4th grade has been very busy working on physical properties. A fun way to get some practice was to take everyday items and list the physical properties on each item. We have also been using a balance scale and working with partners. Lots of learning is going on! On a side note, quiz your children about math. We have been working on fractions, decimals, and percents. Some math and science marvels in the 4th grade!
Here are our results! 53 voted, yes, the groundhog will see his shadow and 58 voted, no, he will not.
Groundhog Day is coming up on February 2nd. First grade needs your help. We will use our Groundhog Day predictions to create a graph and analyze if our predictions are correct!
What do you predict Punxutawney Phil will do? Will he see his shadow and predict 6 more weeks of winter? Or will he not see his shadow and spring will be on it’s way! Some sources say he has been correct about 39% of the time.
Cast your vote on Facebook!
The results are in summer (68) wins! With fall (46), spring (40) and winter (23) coming in next! Thanks for everyone’s help with this project!
Kindergarten is learning about the seasons. We predicted yesterday that summer will be our favorite season, but we are wondering about yours. Let us know so we can include you on our graph. We will post the results when we are done. Please tell us your favorite season by commenting on the facebook post linked below!
The Mousetrap Car Tournament champion was Hally Johnson, followed by Toby Scherbarth in second place, and Mia Skinner coming in third. The object of the lesson was for students each to create a vehicle that was solely powered by an unmodified mousetrap. The vehicle was to be no longer than 18 inches and no wider than 10 inches. Students were encouraged to decorate their vehicles but the mousetrap couldn’t be decorated or altered in anyway. Students were able to earn points based on how closely they followed the project guidelines; those winning the tournament earned extra credit.
Hay Springs High School Students competed in the Fall Finance Challenge!
The Finance Challenge is sponsored by the Nebraska Council on Economic Education. The challenge promotes budgeting and general financial literacy in a competitive environment.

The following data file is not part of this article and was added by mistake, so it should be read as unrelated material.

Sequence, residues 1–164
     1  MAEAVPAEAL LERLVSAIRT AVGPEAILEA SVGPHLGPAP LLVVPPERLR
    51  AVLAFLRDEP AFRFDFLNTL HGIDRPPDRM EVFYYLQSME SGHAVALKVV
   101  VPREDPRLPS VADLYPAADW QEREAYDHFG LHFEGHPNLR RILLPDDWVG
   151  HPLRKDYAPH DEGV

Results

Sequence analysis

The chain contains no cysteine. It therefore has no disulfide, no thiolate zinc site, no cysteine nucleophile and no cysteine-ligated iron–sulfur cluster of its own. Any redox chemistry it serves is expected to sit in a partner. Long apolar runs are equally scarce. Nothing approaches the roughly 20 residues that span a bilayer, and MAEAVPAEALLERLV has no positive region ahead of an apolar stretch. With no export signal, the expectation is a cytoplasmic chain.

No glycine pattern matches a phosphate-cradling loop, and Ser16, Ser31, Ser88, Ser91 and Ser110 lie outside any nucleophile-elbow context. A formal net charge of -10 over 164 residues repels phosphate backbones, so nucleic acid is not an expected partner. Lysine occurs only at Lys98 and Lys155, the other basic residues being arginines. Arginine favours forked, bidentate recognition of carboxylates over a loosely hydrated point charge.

We had two teams that competed in the Fall Finance challenge which is a computerized test where students compete against other Nebraska teams. Hay Springs teams competed against 385 other high school teams. Our Accounting 1 team which was comprised of Kaelob Marx, Mattie Johnson, Erin Kadlecek and Payton Schoenhals placed second place winning $20 each. Our second team Personal Finance 1 was comprised of Sam Kearns, Addie Regier, and Thomas Scherbarth and they ranked 92nd in the High School Division.
Students will also compete in the Spring competition in late March. If the students are in the top five in the region they will advance to the regional competition and then on to the National Competition.
Kindergarten enjoyed an afternoon at the Hay Springs museum. Their favorite parts were sitting in the old desks and dancing to music on a record player! They are all glad we live in the present and not the past.
First Grade is working on a Social Studies unit about Life Long Ago. We conducted interviews of family members to find out what life was like long (or longer) ago. We learned from our interviews many things such as how some people rode horses to school longer ago. We were fortunate to have a pony visit us this week! Goliath quickly made friends with everyone in our class and also made a visit to the PreK class as well. It was a great experience and we now have many horse enthusiasts! Thank you to the Gaswick family for sharing Goliath with us.
What we did in math was fun. We were seeing if a pumpkin would float or sink. All of the pumpkins floated. We did some observations and some predictions. We thought the reason the pumpkins floated was because the seeds were on the sides and a big air bubble was in the middle. We got to measure the pumpkin’s circumference. We also counted all of the seeds. We got to carve the pumpkins. That is what we did in math. — by Kaylee Kaiser